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. Republic vs.

Hizon (December 13, 1999)_VALIX


G.R. No. 130430. December 13, 1999

Doctrine:

Sec. 7 of the present Code authorizes the BIR Commissioner to delegate the powers vested in him under the
pertinent provisions of the Code to any subordinate official with the rank equivalent to a division chief or
higher.

223(c) of the NIRC provides: Any internal revenue tax which has been assessed within the period of limitation
above-prescribed may be collected by distraint or levy or by a proceeding in court within three years
following the assessment of the tax.

Facts

On July 18, 1986, BIR issued to respondent Salud V. Hizon a deficiency income tax assessment of
P1,113,359.68 covering the fiscal year 1981-1982.

Respondent did not contest the assessment, so the BIR, on January 12, 1989, served warrants of
distraint and levy to collect the tax deficiency. However, for reasons not known, it did not proceed to
dispose of the attached properties.

On November 3, 1992, or more than three years later, respondent wrote the BIR requesting a
reconsideration of her tax deficiency assessment. The BIR, in a letter dated August 11, 1994, denied the
request. On January 1, 1997, it filed a case with RTC to collect the tax deficiency

Respondent moved to dismiss the case on two grounds: (1) that the complaint was not filed upon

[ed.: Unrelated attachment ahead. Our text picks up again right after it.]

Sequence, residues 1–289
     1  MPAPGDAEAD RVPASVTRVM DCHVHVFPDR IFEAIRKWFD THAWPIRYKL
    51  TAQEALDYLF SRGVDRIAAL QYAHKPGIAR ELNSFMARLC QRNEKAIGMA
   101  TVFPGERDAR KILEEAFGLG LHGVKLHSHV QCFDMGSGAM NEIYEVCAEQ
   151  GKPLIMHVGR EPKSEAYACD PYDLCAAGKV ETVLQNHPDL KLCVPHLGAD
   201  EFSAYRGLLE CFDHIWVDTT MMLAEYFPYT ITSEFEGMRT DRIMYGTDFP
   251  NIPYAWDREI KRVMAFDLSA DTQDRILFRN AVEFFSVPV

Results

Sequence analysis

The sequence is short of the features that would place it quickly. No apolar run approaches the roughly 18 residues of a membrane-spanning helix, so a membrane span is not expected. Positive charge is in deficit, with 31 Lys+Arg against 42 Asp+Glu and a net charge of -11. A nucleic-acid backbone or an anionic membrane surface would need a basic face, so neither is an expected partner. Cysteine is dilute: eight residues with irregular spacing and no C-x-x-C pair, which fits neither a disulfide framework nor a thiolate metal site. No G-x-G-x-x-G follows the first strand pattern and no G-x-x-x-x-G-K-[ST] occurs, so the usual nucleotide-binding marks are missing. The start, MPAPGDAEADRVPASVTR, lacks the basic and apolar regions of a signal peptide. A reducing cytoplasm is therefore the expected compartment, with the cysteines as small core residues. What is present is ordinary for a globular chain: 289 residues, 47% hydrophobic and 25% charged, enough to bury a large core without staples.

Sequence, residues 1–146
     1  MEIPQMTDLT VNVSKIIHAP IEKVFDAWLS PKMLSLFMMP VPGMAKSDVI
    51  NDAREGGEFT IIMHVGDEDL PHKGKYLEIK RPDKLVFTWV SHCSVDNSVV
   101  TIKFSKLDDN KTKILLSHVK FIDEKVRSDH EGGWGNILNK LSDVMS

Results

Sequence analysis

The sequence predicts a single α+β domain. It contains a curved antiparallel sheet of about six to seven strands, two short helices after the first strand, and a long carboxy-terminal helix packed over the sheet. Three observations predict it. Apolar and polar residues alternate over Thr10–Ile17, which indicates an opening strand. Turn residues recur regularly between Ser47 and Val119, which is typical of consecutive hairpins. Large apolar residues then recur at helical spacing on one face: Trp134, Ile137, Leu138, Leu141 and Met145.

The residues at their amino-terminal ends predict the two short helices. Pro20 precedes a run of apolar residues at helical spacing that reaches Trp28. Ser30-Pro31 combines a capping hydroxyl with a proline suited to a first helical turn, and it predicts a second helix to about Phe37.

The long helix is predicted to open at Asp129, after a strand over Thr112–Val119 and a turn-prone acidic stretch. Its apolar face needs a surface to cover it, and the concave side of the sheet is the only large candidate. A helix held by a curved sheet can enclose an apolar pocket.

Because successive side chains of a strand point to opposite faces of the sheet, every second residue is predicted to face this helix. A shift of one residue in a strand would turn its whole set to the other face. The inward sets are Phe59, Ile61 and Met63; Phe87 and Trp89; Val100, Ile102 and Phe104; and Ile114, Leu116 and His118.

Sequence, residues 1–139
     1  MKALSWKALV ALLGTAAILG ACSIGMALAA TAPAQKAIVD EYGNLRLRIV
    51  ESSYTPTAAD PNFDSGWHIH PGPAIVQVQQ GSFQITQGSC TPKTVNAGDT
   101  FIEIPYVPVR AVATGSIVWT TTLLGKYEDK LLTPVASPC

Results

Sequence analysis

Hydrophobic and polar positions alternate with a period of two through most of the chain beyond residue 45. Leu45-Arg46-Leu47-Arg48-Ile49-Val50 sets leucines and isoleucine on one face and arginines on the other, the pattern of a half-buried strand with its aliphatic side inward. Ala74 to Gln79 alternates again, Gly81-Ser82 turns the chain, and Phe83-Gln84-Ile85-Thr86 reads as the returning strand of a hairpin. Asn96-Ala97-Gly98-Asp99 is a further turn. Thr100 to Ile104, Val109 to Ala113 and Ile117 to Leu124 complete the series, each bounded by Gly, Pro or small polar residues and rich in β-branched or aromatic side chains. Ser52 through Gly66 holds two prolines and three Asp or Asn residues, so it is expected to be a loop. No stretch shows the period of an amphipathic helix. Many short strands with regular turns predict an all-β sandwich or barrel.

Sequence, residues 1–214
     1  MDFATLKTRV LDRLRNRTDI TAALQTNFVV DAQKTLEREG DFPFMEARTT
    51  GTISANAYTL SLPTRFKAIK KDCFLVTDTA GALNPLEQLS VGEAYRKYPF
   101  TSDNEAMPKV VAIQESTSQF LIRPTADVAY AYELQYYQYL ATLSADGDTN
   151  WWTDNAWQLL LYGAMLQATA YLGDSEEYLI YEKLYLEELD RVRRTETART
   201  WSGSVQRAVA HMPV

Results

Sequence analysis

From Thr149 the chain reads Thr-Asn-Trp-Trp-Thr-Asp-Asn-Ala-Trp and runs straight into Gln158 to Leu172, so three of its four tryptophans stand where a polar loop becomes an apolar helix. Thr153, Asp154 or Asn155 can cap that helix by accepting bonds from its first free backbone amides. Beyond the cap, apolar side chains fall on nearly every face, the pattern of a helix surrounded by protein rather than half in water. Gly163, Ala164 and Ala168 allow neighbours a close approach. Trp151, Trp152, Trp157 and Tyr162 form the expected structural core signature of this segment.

authority of the BIR Commissioner as required by 221 NIRC, and (2) that the action had already prescribed.

Issues:

I. Whether or not the institution of the civil case for collection of taxes was without the approval of the
commissioner therefore in violation of section 221 of the NIRC. -NO
II. Whether or not the action for collection of taxes filed against respondent had already prescribed. - YES
Ruling:

1.Sec. 221 of the NIRC provides:

Form and mode of proceeding in actions arising under this Code. Civil and criminal actions and proceedings
instituted in behalf a of the Government under the authority of this Code or other law enforced by
the Bureau of Internal Revenue shall be brought in the name of the Government of the Philippines and shall
be conducted by the provincial or city fiscal, or the Solicitor General, or by the legal officers of the Bureau
of Internal Revenue deputized by the Secretary of Justice, but no civil and criminal actions for the recovery
of taxes or the enforcement of any fine, penalty or forfeiture under this Code shall be begun without the
approval of the Commissioner. (Emphasis supplied)

To implement this provision Revenue Administrative Order No. 5-83 of the BIR provides: That
criminal and civil cases including complaints for collection on cases falling within the jurisdiction of the
Region are to be handled by Special Attorneys and Special Counsels assigned in the Legal Branches of
Revenue Regions
The Regional Director is authorized to sign all pleadings filed in connection therewith which,
otherwise, requires the signature of the Commissioner.